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Estate Jewelry: From Heirloom to Treasure

Estate Jewelry: From Heirloom to Treasure

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Estate Jewelry: From Heirloom to Treasure All Entries

Estate Jewelry: From Heirloom to Treasure

When it comes to valuing jewelry, much of it is determined by its quality, design, material, and condition. But there are some pieces that are valued for other reasons as well. Today we’ll take a look at what makes estate jewelry so unique for collectors, sellers, and buyers.


Many vintage and antique pieces of jewelry come with a provenance or a long documented history. The provenance lets collectors and experts know a lot about the piece. It can tell them who designed it and who sold it. It can also let them know about the jewelry’s prior ownership.

Estate vs. Vintage vs. Antique

There are a variety of types of older jewelry. Some pieces fall under the vintage or antique category, while others are considered estate jewelry. So what’s the difference?

It’s important to note that you should watch out for the word “style” to follow any of these terms. “Vintage-” or “Antique-style” jewelry are pieces that appear old, but there’s no proof that they actually are. It could also indicate that the piece is just a reproduction of another famous piece of jewelry.

Antique jewelry describes any jewelry that is at least 100 years old. Many art nouveau and Edwardian rings, necklaces, and brooches will fall under this category. Reliable dealers will often call heirlooms “antiques” to let buyers know that the items are very old.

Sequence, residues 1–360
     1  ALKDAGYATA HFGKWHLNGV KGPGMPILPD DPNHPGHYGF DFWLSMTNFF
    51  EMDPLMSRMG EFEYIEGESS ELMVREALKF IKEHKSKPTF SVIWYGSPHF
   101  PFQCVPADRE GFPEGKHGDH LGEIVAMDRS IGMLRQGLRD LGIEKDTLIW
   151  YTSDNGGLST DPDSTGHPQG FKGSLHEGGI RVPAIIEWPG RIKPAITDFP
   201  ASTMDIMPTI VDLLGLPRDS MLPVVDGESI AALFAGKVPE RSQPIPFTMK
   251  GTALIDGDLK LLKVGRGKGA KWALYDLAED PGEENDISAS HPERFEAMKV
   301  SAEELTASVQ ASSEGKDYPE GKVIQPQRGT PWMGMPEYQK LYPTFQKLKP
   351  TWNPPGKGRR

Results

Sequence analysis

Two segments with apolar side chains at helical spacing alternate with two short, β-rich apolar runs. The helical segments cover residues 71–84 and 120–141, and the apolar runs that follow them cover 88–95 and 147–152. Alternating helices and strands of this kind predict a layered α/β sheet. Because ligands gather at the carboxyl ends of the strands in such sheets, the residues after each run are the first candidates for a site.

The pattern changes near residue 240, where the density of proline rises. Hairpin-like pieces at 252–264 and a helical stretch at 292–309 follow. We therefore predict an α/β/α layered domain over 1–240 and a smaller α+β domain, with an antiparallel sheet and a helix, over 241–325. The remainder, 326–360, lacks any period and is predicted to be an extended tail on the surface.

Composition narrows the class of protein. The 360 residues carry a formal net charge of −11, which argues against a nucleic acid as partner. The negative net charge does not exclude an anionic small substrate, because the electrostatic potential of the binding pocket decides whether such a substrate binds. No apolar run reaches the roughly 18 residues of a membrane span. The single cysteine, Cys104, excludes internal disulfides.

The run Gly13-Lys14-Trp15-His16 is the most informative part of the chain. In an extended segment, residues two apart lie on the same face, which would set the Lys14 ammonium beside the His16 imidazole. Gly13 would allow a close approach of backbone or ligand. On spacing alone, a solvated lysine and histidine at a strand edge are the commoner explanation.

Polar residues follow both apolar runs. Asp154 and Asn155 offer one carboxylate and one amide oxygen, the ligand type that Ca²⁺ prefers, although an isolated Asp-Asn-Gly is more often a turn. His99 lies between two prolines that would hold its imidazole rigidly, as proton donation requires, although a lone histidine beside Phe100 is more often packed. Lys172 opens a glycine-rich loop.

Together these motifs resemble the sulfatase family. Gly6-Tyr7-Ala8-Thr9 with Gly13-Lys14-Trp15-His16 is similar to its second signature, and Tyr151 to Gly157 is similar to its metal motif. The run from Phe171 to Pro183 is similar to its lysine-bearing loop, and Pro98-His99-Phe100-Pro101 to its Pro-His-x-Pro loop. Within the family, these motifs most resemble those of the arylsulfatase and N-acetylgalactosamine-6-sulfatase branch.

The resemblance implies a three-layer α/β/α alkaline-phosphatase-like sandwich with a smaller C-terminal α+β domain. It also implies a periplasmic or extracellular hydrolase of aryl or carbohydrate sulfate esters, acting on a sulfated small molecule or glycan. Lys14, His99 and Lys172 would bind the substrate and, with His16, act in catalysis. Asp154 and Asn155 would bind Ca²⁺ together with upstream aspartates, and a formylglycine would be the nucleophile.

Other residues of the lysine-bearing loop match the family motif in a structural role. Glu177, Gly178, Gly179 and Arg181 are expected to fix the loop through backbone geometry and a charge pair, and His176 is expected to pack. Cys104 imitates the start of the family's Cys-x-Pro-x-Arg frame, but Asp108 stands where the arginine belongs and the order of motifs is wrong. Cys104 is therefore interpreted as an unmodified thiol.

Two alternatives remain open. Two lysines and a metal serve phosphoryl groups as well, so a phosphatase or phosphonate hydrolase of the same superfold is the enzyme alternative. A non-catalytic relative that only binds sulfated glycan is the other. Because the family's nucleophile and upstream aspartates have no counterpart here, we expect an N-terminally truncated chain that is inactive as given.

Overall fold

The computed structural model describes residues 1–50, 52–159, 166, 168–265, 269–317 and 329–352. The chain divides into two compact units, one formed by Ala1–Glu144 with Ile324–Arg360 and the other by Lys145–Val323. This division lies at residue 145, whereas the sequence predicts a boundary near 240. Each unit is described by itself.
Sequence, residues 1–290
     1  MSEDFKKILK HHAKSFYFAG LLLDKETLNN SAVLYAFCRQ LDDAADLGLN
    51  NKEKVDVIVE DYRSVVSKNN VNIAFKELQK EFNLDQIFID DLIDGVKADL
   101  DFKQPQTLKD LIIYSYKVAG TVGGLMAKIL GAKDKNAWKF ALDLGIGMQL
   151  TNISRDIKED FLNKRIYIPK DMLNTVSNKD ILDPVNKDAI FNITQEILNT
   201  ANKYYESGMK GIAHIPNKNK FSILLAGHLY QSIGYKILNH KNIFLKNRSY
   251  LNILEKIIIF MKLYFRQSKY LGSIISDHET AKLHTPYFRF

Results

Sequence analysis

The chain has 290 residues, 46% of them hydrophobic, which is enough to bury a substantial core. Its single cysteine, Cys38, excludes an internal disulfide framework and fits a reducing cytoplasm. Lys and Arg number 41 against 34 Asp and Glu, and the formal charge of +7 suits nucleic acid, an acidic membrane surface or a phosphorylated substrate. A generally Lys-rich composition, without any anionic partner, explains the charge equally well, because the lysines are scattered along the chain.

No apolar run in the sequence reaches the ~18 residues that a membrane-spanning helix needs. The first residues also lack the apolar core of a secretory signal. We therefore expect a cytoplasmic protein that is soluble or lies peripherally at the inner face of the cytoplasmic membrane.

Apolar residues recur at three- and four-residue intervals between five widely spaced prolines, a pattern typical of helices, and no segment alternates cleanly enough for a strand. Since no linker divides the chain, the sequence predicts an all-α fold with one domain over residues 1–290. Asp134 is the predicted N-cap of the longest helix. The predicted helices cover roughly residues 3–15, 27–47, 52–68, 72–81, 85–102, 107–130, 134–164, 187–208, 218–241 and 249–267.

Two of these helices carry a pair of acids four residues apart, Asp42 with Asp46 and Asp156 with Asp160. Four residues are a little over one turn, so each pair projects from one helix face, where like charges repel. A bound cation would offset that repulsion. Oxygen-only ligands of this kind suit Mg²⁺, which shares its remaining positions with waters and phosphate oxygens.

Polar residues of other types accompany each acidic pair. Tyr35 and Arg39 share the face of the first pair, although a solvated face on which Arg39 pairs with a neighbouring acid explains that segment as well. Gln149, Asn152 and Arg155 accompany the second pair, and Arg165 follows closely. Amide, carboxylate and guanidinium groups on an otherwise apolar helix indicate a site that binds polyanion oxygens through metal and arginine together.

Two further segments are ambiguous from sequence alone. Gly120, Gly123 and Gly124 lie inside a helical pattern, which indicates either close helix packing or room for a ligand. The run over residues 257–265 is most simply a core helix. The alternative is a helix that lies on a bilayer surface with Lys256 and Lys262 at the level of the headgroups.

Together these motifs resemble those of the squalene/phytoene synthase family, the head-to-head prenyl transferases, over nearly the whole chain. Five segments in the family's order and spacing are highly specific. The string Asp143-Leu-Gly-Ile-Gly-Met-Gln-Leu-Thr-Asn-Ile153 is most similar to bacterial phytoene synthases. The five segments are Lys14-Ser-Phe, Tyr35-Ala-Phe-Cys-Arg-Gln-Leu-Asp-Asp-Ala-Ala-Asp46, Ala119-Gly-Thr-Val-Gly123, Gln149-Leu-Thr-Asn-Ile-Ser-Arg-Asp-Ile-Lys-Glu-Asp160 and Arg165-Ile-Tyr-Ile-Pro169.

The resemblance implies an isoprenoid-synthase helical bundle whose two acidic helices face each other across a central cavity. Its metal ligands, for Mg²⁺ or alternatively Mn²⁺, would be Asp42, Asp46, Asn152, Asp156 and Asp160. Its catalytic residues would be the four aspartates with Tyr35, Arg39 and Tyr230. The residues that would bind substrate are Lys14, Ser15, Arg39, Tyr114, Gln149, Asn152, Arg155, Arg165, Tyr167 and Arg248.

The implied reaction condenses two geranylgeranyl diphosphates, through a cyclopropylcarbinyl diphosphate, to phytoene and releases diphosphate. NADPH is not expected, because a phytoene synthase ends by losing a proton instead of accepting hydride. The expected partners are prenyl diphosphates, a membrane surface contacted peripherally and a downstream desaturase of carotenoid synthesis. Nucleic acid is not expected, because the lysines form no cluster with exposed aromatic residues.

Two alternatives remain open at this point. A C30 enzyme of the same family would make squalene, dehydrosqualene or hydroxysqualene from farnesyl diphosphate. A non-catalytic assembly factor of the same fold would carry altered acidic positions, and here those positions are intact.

Jewelry that is at least 20 or 30 years old is considered vintage. Popular pear-cut engagement rings from the mid-1980s fall under this category, as will a single strand of pearls from the 1950s and some art deco rings.

Estate jewelry is a slightly trickier term to define. It indicates that a piece of jewelry is second-hand and can be either vintage or antique. Many estate pieces were owned by people who are now deceased. Jewelry dealers will often use the term to describe a piece that was made sometime during the last 30 years. To make something a true estate piece, dealers must know the item’s age.

Previous Owners

An estate jewelry’s most valuable asset is its history. If it was once owned or was designed by someone famous, it raises its value tremendously. For instance, in 2014 a pair of rhinestone earrings once worn by Marilyn Monroe to the premiere of the film The Rose Tattoo sold for $185,000 at Julien’s Auctions Hollywood Legends sale in Beverly Hills. Pretty jawdropping, right?

If you’re thinking of selling your antique or estate jewelry, contact Ralph Mueller and Associates or call us at 480.949.9299. We’re GIA certified and have a knowledgable staff that can help you get the best value.